• The subcutaneous tissues may become hard and depressed ('inverted champagne bottle' leg if the damage is circumferential).
      • It can present acutely and be wrongly diagnosed as cellulitis (or phlebitis).
    • Atrophie blanche:
      • Star-shaped, white (ivory), depressed, and atrophic scars surrounded by pigmentation.
      • Frequently found where an ulcer has healed.
    • Venous ulceration.
  • Dependent oedema.
  • Presence or absence of foot pulses.
  • Varicose veins. Note the location and severity of any varicose veins. They may not be apparent until the patient stands.

The classic tourniquet tests are no longer used by vascular specialists, as they are inaccurate and ultrasonography is now available.[4][5] 

  • The history and clinical examination will not always indicate the nature and extent of the underlying abnormality.
  • Consider measuring the ankle brachial pressure index (ABPI) using a Doppler machine if use of compression stockings is being considered. Some consider this unnecessary if the foot pulses are easily palpable, and the person has no symptoms of arterial disease.[1] 
  • Duplex ultrasound may be used where relevant to confirm varicose veins and assess extent.[4] 

General advice

  • Avoid injury to the skin (eg, against furniture). This may very easily lead to ulceration.
  • Elevate the legs when sitting.
  • Keep physically active. Encourage regular walks.

Basic skin care

  • Advise regular use of emollient.
  • Treat symptom flares with a topical steroid (usually of moderate strength). The skin is usually dry and may be ulcerated and so an ointment may be preferable to a cream.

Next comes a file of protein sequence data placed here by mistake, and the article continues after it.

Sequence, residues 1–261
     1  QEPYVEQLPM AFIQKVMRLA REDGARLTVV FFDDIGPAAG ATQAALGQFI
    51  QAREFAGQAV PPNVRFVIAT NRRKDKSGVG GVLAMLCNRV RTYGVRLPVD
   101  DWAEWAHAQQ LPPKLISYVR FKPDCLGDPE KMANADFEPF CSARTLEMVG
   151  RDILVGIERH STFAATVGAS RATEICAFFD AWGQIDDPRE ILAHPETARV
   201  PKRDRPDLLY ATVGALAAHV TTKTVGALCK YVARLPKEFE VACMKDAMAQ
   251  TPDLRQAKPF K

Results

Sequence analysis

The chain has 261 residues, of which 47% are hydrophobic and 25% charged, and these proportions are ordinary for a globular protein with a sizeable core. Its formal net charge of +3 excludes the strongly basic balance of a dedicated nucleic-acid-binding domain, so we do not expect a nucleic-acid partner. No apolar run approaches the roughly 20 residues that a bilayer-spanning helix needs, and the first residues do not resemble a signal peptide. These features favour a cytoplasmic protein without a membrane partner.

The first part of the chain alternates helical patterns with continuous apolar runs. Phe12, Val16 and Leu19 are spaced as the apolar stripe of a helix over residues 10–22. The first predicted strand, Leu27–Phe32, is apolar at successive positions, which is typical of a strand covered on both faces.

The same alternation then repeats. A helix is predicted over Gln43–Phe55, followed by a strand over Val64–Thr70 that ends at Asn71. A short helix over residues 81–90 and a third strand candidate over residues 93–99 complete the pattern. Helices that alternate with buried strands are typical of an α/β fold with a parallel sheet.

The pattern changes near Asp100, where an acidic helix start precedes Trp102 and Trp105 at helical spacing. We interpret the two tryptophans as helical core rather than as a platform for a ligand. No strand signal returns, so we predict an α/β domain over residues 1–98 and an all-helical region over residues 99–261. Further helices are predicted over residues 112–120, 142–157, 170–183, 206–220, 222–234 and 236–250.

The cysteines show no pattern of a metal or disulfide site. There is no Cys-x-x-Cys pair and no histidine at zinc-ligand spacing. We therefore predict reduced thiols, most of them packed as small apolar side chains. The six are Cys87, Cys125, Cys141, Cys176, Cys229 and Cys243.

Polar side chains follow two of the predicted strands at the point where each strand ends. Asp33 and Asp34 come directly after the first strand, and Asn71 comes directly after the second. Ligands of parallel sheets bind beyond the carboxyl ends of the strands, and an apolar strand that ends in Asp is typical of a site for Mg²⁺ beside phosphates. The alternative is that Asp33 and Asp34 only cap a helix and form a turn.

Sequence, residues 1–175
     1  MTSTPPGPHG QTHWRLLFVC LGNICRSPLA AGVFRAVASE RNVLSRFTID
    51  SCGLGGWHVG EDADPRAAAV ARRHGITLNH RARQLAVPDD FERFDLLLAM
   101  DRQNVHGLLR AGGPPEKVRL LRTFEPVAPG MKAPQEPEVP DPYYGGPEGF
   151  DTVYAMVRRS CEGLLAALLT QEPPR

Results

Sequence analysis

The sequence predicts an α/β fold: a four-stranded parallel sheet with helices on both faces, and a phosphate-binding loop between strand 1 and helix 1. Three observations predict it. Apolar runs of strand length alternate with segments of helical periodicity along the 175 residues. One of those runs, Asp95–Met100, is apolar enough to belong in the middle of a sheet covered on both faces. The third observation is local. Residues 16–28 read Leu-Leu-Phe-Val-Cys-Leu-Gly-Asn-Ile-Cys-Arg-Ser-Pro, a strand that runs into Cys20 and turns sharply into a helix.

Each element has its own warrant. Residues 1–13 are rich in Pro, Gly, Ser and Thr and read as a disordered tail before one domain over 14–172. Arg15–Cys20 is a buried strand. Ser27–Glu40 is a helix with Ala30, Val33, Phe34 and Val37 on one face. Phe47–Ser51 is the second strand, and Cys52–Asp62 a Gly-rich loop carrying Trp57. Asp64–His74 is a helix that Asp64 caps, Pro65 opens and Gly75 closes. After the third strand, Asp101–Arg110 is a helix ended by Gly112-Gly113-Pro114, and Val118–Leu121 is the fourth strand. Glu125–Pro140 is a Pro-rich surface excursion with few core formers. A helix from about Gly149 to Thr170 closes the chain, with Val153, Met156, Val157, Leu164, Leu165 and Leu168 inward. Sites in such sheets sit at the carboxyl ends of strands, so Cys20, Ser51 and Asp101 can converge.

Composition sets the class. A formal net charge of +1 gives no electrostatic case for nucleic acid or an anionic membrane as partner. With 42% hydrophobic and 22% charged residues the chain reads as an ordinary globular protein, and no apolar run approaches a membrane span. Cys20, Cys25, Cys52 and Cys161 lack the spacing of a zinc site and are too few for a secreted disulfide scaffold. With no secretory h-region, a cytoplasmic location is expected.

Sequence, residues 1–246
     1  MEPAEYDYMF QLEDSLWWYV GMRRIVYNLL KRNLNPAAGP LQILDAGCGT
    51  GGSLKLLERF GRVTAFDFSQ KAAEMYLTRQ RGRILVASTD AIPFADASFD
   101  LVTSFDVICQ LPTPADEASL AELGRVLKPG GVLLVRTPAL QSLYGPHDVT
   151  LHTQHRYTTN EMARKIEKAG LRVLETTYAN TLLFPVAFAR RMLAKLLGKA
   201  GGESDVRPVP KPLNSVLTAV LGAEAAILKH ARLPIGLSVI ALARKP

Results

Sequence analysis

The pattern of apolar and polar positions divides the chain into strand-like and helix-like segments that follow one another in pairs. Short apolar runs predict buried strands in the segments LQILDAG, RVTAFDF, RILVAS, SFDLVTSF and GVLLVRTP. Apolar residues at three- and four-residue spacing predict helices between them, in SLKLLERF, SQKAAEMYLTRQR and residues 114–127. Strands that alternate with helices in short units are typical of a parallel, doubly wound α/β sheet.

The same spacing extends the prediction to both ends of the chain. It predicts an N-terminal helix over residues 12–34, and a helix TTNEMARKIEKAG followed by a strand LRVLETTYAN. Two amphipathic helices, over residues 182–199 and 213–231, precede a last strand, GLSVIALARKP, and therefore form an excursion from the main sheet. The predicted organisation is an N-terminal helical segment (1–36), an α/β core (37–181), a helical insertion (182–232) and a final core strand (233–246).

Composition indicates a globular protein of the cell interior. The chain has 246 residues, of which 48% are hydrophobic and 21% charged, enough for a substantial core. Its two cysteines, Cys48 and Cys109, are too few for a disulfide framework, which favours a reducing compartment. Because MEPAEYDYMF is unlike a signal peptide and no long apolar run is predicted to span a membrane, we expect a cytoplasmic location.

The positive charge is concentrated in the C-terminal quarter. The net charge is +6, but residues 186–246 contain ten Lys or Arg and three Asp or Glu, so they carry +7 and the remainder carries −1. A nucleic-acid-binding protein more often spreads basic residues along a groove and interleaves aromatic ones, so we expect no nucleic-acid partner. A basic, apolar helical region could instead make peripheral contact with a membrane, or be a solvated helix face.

• Try to avoid potential skin sensitisers during management.[6] 

Below-knee compression hosiery

  • Provided that there is no arterial insufficiency, below-knee compression stockings should be worn. As above, Doppler testing may be required to ascertain arterial competence first. People are often reluctant to use them for a number of reasons which include discomfort, difficulty putting them on and cosmetic appearance.[7] Stockings come in three grades of pressure:
    • Class 2 (medium) stockings, which are suitable for most people.
    • Class 1 (light) stocking if the person cannot tolerate a class 2 stocking.
    • Class 3 (strong) stockings, which may be necessary if the response to a class 2 stocking is inadequate (however, many people find these difficult to tolerate).
  • If ABPI is less than 0.3 or greater than 1.3, support stockings should not be worn. If ABPI is between 0.5 and 0.8, only a class 1 stocking should be used.[8] 

Poor response to the above
If there is poor response then consider:

  • Contact dermatitis (for example, to applied topical treatments or materials in compression stockings).
  • Flares of lipodermatosclerosis may require application of very potent topical steroids.
  • Secondary infection. This may need treatment with topical or usually oral antibiotics.

Herbal remedies
There is some evidence from Cochrane reviews that oral horse chestnut seed extract may be of benefit for symptoms of chronic venous insufficiency.[9] Further trials are needed, however.

Know when to refer
See below.

This condition is likely to require involvement of different disciplines. Do not be reluctant to use the expertise of other members of the primary healthcare team.

  • Refer according to any local policies.

When there are no local policies, consider referral when:

  • Varicose veins present with progressive skin changes or a history of ulceration. Referral is usually to a vascular surgeon.